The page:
Friday, 30 December 2011

It may be good for the soul but what about the heart?

A number of articles have appeared in the athletics press recently with regards to running and heart problems suffered by the older runner.

Following my problems last year and some more distinct problems experienced by some of my training partners over the past few years.  These were articles I read with some interest.

The two main articles were one by
Martin Duff which appeared in the Athletics Weekly and another by Tony Crocker which appeared in the winter edition of Masters Athletics.

Both articles are concerned with the  occurrence of a condition known as atrial fibrillation in runners over the age of forty who have trained to a high intensity over a number of years.

In each case the author points out that atrial fibrillation (AF) is not limited to runners and is in fact quite extensive throughout the population.  So much so, that in its mildest form most people may never know they have the condition.  Tony Cocker, reports that, "according to Dr Mark Porter there are between 200,000 and 300,000 people in Britain with undiagnosed AF." While Martin Duff, who is carrying out his own research into the subject, has anecdotal evidence that there are a significant number of instances where AF has not been recognised by GP's, who have instead diagnosed with conditions such as exercise-induced asthma.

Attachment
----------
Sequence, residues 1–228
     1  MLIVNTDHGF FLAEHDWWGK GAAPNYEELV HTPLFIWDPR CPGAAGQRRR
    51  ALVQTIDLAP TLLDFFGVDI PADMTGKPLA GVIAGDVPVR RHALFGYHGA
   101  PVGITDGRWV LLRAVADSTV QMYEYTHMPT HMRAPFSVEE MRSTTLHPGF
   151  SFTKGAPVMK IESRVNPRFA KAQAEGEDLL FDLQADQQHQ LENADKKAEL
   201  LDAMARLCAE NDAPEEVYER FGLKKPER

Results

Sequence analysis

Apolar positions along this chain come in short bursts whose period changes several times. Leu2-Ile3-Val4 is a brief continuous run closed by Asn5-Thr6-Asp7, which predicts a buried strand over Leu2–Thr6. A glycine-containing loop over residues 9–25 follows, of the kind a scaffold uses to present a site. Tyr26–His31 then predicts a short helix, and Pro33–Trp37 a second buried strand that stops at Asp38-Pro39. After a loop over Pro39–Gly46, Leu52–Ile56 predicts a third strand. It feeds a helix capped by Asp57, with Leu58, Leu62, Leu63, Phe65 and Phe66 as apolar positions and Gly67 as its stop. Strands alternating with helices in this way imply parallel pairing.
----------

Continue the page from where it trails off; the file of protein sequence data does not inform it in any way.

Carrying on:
So what is AF - I am no medical person, so in my terms, I understand it to be an irregular heartbeat which ultimately can put a person more at risk of a stroke.

Back to the studies and Tony Cocker seems to lay most of the blame to the current interest and from my reading of his article scare mongering at the door of an Amercian study published in 2009 by Anthony Ainzer.  Questioning some of the validity of the sampling.

AF, however, does exist.  The question is, Is it brought on in later life because of high intensity training at a younger age? or is it that it only occurs in those who suffered from it any way and perhaps the increasing incidence of  reported AF is due to a higher proportion of runners extending their running into increasingly higher age ranges?

Whatever the reason the advantages gained by regular exercise, not least of all the enjoyment, for me still far out way  the disadvantages as long as we remember that old adage "listen to your body"

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